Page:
So that's one pattern. And then there's a public-private difference. We know that in the public sector, benefits tend to be better, and that there is more coverage in retirement plans, particularly defined-benefit pensions. So in that sense, African-Americans are a little bit better off there because they're more represented in that sector. And on the other hand, Latinos are taking a double hit because they're less represented in the public center that offers those benefits. And at the same time, in the private sector, they're the most likely to be in the lowest-wage jobs that offer no benefits at all.

MARTIN: But you also wrote that households of color have substantially lower retirement savings than white households, even after you control for age and income. Why is that?

RHEE: I think there are a few things. One thing is that communities of color tend to hold more of their household wealth in things like home equity and less in financial assets, like stocks and bonds, compared to white households. And that wound up having a disproportionate impact on communities of color during the last financial crisis with the housing market meltdown because they were more invested, in a sense, in housing wealth.

And they took a bigger hit in that arena. So there is a sort of more of a tendency to hold wealth in things like that and in businesses as opposed to in the financial market. And I think part of it has to do with the comfort level that households of color have with financial assets versus things like home equity.

MARTIN: A tangible asset, like a house.

RHEE: Yeah, exactly.

MARTIN: You know, I also do wonder, though, whether there's some cultural pressure in the groups that you mentioned to help family members out that may not exist in other groups. There's a kind of traditional belief that there's a responsibility not just to the nuclear family but to the extended family. And I do wonder whether that plays a role as well.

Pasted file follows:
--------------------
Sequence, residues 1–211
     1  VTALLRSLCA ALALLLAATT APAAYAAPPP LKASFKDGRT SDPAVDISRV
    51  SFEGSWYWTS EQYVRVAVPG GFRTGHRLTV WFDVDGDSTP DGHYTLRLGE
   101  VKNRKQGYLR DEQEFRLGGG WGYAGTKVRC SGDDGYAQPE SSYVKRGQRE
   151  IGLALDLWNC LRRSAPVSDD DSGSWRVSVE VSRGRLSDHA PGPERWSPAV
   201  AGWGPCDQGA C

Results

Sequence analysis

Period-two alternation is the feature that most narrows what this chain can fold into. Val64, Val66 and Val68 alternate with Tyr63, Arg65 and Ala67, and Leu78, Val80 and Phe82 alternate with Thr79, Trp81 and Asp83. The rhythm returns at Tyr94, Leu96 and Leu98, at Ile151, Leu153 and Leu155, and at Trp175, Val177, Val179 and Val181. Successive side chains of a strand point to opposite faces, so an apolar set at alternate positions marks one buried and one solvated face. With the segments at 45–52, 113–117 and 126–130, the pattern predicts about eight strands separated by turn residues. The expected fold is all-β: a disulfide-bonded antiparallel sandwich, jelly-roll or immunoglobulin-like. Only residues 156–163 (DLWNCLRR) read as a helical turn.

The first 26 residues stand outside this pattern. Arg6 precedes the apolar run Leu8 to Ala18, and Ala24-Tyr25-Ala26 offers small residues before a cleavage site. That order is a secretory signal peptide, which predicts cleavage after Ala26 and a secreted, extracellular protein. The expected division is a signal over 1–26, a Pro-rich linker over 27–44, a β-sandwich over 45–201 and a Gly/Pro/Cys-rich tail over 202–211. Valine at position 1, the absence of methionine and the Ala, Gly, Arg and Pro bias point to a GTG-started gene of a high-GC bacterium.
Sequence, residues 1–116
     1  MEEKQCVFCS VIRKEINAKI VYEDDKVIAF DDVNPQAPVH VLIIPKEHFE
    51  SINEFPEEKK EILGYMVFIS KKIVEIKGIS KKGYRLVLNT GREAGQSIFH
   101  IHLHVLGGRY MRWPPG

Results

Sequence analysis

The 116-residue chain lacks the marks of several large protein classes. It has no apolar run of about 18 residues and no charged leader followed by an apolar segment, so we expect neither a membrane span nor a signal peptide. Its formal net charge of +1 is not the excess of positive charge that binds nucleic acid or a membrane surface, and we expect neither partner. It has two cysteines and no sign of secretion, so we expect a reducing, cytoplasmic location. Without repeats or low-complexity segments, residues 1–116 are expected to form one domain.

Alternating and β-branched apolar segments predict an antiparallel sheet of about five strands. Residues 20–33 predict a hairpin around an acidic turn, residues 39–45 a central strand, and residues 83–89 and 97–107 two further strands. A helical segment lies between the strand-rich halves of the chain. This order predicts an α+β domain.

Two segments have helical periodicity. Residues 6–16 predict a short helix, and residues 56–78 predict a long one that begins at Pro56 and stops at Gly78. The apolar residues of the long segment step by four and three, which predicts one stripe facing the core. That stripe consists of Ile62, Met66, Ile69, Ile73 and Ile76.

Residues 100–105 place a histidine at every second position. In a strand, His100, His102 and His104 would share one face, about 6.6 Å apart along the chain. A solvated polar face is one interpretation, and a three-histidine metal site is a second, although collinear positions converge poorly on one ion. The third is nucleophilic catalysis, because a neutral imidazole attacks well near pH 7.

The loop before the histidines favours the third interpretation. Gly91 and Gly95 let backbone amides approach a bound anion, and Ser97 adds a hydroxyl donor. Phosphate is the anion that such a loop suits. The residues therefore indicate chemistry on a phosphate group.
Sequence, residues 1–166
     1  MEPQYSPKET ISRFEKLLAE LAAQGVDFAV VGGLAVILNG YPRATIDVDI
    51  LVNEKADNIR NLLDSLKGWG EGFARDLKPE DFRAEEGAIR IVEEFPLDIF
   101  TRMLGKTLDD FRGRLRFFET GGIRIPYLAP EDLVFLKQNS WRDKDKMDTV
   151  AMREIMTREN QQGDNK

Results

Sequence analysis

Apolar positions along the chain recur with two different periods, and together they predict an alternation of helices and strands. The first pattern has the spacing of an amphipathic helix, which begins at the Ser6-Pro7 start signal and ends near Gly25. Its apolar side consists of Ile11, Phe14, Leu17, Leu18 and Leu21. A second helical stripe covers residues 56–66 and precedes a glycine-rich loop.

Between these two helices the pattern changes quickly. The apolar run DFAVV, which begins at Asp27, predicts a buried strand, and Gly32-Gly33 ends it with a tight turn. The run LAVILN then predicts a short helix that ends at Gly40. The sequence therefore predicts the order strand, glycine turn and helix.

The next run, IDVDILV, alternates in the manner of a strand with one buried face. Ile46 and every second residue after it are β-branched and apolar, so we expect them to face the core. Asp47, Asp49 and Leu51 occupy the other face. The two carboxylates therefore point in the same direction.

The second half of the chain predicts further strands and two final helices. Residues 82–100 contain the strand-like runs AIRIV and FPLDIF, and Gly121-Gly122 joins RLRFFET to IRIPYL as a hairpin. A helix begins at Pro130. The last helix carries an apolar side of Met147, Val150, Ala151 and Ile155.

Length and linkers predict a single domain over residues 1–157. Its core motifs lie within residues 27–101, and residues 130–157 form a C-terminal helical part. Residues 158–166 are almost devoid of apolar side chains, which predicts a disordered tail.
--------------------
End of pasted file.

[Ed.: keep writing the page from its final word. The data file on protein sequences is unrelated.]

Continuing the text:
RHEE: Yeah. I - you know, my research didn't speak to that. But I have been thinking that that's a really important thing to remember in terms of what values are. So, you know, we have these kind of white middle-class values around the nuclear family, and that's where your resources are focused. And I think in other communities - you're absolutely right - that there's more of a value towards helping others in need. And that when people come into some sort of windfall or have some savings, there are other demands and other pressures on that money besides saving for retirement or building up wealth.

MARTIN: Well, there's clearly a lot to think about here. We only have a minute left here. Is there anything you would wish us to think about or any thoughts that you may have for people as they contemplate the work that you've just done in this particular area?

RHEE: Yeah. I mean, I think - I want to point out that this is not an individual problem only. It's really a national problem. And this is going to impact - you know, as millions of workers go into retirement without adequate assets - and this applies to every group, but especially communities of color - that means more strain on families to support their elders. It means more strain on the social safety net, nonprofit organizations and on the state and federal budget. And so states in particular are taking a very close look at what they can do to help workers without access to retirement plans actually get access through some sort of a state-sponsored plan.

MARTIN: That was Nari Rhee. She's manager of research for the National Institute on Retirement Security. Her latest report focuses specifically on workers of color. Her earlier reports focused on workers in general. And she was kind enough to join us from member station KQED in San Francisco. Nari Rhee, thanks so much for speaking with us.

RHEE: Thank you. Transcript provided by NPR, Copyright NPR.